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Moon Over 'Apollo 11' : FAMILY CHANNEL DOCKS UP WITH THE MISSION THAT HAD A HAPPY ENDING

November 17, 1996|SUSAN KING | TIMES STAFF WRITER

Twenty-seven years after the fact, one of the greatest achievements of the century is finally getting the TV movie treatment.

"Apollo 11," airing Sunday on the Family Channel, chronicles the historic moon landing of July 20, 1969, when astronauts Neil Armstrong and Buzz Aldrin, with the support of Michael Collins in the command ship, became the first Earthlings to set foot on another celestial body in outer space.

With the dozens of TV movies turned out every year about psychopathic killers, women in distress and people battling disease, it seems astonishing that the uniquely American story of Apollo 11's triumph has not been dramatized until now. Executive producer James Manos Jr. believes the main reason is that, "at first glance it didn't seem as if anything dramatic happened"--the mission went off almost exactly as planned.

Ex-astronaut Aldrin, who served as a technical consultant on the film, concurs. "Success isn't overly dramatic at times," he says. "In some ways, the test will be, are [viewers] interested in suspenseful drama or are they interested in meaningful achievement? Apollo 11 was a meaningful achievement."

But Manos says the mission wasn't "as seamless or as flawless as the general public was led to believe at the time." After extensive research, the filmmakers decided to concentrate on how NASA and the astronauts were in a heated race against time--determined to beat the Russians to the moon. NASA had just one year to get Apollo 11 and its crew ready for blastoff.

"They were going to do something Herculean while the world essentially was falling apart," Manos says. "They put blinders on and just went about it with an extraordinary monastic type of sensibility. Meanwhile, the Tet offensive was happening [in Vietnam], there were race riots--and these men just barreled right through."

Gus Lucas, senior vice president of programming for the Family Channel, says the box-office and critical success of 1995's "Apollo 13" prompted executives at the cable network to think about why nothing had been done on Apollo 11.

"The more we thought about it, the more excited we got about it," Lucas says. "Virtually everyone who was alive at that time remembers where they were the night that man walked on the moon."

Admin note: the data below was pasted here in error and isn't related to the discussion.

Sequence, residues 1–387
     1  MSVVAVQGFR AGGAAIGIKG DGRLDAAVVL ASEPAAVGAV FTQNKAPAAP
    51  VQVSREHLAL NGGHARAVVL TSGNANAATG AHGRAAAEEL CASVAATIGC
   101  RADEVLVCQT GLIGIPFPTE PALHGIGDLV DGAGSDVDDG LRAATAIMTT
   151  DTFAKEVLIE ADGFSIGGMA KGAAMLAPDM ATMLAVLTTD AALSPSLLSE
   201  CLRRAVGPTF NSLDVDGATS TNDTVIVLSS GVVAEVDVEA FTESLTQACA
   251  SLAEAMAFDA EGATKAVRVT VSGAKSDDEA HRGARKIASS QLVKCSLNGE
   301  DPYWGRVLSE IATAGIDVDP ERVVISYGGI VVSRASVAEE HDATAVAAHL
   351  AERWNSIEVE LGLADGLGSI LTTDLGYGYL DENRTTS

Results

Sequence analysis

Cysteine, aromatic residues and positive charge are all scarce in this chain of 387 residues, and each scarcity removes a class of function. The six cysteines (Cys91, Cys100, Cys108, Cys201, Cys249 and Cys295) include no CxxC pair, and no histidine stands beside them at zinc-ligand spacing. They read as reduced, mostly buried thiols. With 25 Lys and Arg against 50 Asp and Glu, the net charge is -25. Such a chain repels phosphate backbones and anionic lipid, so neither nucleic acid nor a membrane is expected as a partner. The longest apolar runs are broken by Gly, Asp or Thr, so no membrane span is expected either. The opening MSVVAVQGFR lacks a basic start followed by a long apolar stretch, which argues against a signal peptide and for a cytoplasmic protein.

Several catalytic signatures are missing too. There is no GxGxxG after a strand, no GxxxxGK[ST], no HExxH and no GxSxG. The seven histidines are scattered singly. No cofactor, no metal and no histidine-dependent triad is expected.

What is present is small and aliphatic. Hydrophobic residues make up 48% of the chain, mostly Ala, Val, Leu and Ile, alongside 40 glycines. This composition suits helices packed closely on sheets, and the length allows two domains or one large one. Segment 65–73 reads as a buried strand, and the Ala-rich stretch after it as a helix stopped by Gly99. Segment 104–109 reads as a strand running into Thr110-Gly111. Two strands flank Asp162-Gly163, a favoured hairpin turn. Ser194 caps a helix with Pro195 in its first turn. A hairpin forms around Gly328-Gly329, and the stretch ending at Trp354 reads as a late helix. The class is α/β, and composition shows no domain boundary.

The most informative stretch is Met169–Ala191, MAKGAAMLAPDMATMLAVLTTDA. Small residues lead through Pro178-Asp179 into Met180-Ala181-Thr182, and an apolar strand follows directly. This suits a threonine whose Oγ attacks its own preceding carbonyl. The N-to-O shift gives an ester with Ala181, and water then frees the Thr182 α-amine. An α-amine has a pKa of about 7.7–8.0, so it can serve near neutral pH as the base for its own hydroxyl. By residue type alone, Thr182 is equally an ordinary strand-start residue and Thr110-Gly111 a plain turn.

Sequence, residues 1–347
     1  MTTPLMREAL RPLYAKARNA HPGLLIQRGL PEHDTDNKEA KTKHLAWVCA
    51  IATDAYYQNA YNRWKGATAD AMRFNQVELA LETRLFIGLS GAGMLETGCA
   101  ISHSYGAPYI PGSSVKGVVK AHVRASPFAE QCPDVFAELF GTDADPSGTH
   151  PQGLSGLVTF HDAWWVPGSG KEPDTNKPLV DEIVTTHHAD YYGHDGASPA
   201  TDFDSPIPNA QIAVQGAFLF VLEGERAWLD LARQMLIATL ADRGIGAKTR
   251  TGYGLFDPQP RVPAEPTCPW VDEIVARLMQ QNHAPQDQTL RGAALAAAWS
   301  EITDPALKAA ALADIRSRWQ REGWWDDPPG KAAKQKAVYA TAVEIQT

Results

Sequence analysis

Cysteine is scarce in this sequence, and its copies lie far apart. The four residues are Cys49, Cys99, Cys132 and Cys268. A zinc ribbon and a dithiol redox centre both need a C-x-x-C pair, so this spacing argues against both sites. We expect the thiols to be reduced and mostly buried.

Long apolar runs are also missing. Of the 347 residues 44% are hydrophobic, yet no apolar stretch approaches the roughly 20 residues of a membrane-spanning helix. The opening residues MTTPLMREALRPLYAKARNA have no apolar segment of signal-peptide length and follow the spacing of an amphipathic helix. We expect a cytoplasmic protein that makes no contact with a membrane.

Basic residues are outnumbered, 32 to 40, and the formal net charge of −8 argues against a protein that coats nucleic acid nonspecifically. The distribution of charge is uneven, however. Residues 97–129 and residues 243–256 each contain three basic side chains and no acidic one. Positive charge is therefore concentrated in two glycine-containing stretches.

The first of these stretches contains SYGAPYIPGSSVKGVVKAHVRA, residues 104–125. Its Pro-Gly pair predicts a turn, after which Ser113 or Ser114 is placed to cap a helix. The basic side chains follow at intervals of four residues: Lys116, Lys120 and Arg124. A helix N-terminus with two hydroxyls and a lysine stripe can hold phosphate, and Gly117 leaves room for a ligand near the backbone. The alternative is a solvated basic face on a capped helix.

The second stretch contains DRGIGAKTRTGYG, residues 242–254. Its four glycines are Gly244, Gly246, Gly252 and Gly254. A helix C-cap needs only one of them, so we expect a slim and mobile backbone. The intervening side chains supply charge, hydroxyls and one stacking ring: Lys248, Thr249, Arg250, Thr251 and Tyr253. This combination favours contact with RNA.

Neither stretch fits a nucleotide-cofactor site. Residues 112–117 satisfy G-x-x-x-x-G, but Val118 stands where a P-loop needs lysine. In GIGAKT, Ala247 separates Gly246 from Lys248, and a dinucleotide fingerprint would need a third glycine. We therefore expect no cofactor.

Aldrin, who recently wrote a science-fiction novel, "Encounter With Tiber," lectures throughout the world on space efforts and says people are always telling him where they were when he and Armstrong stepped on the lunar surface.

"There's almost a compulsion to tell me where they were," he says. "That fact has prompted me to try and explore what that means. To me, that means there was value added to human lives as a result of that episode, that event, that achievement. It made people feel good enough to remember the day in their lives. That is what we got by going to the moon--not just the rocks."

With Jeffrey Nordling playing Armstrong, Jim Metzler as Collins and Xander Berkeley as Aldrin, "Apollo 11" got permission from NASA to shoot at the original Mission Control Center at the Johnson Space Center in Houston, used during the actual moon landing.

"It had been laying dormant for 10 years," Manos says. "There were quite a few engineers who showed up the day that we got there to start talking about what we would do to the room to make it work.

"The men who were there helped bring these men to the moon and back. They all started chipping in and saying, 'I can help you recreate 1969'; 'I know how I can make the computer work for you.' NASA could not have been more accommodating. It was great going into that room. It takes your breath away."

Aldrin visited the set several times and even appeared in a cameo opposite his small-screen alter ego, Berkeley. But don't bother looking for him in the finished product.

"I played the part of the preacher who had arranged to give [Aldrin] the elements of communion so he could serve himself communion on the surface of the moon," he explains.

But the scene was scrapped. "I would love to say I play a role in this," Aldrin says with a chuckle. "But my role is on the cutting-room floor."

Following the two-hour movie will be a 90-minute special, "From the Moon to Mars," which will explore space, the Mars fossil, plans to send a spacecraft to Mars and possible human exploration of the red planet. Scheduled guests include Aldrin; Donna Shirley, head engineer and manager of Mars exploration; author Robert Zubrin, and Bernard Harris, the first African American to walk in space.

Aldrin is enthusiastic about the call-in special and the opportunity to talk about the future of space exploration.

"I would like to see it become a major long-range objective that will help this nation move into the next century," he says. "We need to expand human presence to establish, in a meaningful way, a permanent settlement that grows and expands on the surface of Mars. If we go there once or twice and then some politician says, 'We've done that,' it will have been a total failure.

"Apollo 11 was a success in what it set out to do, but in furthering man's venturing outward into space, it was a failure. We did something and stopped doing it. It shouldn't happen in the future. It can't happen on Mars."

"Apollo 11" airs Sunday at 7 p.m. on the Family Channel; "From the Moon to Mars" follows at 9 p.m.

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